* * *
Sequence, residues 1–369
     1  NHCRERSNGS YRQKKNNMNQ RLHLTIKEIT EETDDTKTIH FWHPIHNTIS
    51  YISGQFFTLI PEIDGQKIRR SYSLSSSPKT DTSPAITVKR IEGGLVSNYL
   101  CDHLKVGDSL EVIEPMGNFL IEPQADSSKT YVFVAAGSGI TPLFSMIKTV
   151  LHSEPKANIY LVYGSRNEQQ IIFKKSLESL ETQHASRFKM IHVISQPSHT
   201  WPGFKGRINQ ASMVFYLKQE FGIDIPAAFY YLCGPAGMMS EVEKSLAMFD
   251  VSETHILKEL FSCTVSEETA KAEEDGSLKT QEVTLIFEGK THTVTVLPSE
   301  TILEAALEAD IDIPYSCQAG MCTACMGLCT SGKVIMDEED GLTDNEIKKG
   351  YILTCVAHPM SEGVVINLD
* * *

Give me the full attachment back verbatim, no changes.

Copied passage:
Sequence, residues 1–369
     1  NHCRERSNGS YRQKKNNMNQ RLHLTIKEIT EETDDTKTIH FWHPIHNTIS
    51  YISGQFFTLI PEIDGQKIRR SYSLSSSPKT DTSPAITVKR IEGGLVSNYL
   101  CDHLKVGDSL EVIEPMGNFL IEPQADSSKT YVFVAAGSGI TPLFSMIKTV
   151  LHSEPKANIY LVYGSRNEQQ IIFKKSLESL ETQHASRFKM IHVISQPSHT
   201  WPGFKGRINQ ASMVFYLKQE FGIDIPAAFY YLCGPAGMMS EVEKSLAMFD
   251  VSETHILKEL FSCTVSEETA KAEEDGSLKT QEVTLIFEGK THTVTVLPSE
   301  TILEAALEAD IDIPYSCQAG MCTACMGLCT SGKVIMDEED GLTDNEIKKG
   351  YILTCVAHPM SEGVVINLD